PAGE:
The two premium carmakers already have a joint procurement programme and recently extended their alliance to include development of advanced driver assistance systems and mobility services.
The talks over whether to cooperate on vehicle platforms could still fall apart, Sueddeutsche and Auto Bild said, without citing sources.
Both companies have acknowledged cooperation talks which include sharing engineering costs for driverless cars, but BMW and Daimler have repeatedly declined to comment on whether their cooperation could include entire vehicle platforms.
BMW's finance chief said in November he was open to deeper collaboration with Daimler but said it was difficult to identify win-win opportunities in the area of shared vehicle platforms.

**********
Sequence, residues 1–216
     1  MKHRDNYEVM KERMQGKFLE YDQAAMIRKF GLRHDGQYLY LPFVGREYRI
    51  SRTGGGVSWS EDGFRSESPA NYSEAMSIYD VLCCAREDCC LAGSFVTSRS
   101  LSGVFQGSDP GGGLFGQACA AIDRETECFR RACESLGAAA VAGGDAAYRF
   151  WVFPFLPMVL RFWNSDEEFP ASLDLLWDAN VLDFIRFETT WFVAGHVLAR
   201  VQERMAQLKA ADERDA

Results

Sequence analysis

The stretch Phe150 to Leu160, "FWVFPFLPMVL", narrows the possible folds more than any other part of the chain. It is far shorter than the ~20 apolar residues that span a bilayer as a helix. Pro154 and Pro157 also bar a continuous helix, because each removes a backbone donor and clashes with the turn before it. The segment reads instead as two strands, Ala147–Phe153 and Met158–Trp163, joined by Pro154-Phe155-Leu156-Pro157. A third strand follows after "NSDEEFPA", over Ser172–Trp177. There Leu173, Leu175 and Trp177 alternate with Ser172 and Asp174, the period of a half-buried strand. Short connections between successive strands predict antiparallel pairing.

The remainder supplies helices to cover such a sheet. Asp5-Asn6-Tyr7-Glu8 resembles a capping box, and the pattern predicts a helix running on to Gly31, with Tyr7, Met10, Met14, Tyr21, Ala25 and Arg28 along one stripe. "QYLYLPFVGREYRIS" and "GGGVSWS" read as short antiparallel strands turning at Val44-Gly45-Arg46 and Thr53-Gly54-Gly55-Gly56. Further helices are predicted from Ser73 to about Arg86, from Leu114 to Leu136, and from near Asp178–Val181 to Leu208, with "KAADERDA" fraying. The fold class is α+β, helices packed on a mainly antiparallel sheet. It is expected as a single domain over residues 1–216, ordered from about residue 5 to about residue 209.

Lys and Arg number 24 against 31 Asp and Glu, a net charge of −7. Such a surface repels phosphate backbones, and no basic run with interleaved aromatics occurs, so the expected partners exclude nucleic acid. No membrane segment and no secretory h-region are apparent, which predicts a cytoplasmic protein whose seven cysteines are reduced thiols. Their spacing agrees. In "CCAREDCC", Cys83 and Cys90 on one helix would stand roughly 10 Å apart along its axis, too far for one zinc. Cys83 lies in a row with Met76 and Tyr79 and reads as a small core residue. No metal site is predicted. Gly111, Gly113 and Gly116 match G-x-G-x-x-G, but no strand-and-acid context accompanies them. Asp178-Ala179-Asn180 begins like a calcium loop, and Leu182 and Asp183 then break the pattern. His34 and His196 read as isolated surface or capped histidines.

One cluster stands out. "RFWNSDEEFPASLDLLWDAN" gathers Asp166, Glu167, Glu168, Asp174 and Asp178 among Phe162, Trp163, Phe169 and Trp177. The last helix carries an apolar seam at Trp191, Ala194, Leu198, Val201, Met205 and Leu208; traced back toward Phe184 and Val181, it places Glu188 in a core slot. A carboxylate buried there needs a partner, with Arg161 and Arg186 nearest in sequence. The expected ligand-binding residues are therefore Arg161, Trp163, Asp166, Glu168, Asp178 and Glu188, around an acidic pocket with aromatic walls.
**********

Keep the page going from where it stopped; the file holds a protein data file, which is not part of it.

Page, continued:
Auto Bild said Daimler and BMW are in talks over whether to share engineering costs for compact and midsized cars, which are designed to be "electric first," but also have the capability of accommodating conventional powertrains.
BMW and Daimler would save 7 billion euros each, over a period of seven years, Auto Bild said.
Sueddeutsche Zeitung said the companies are seeking more than 7 billion euros in potential savings, and that if larger vehicles were included in the project, savings could be higher.
BMW and Daimler declined to comment.
(Reporting by Edward Taylor; Editing by Alexandra Hudson)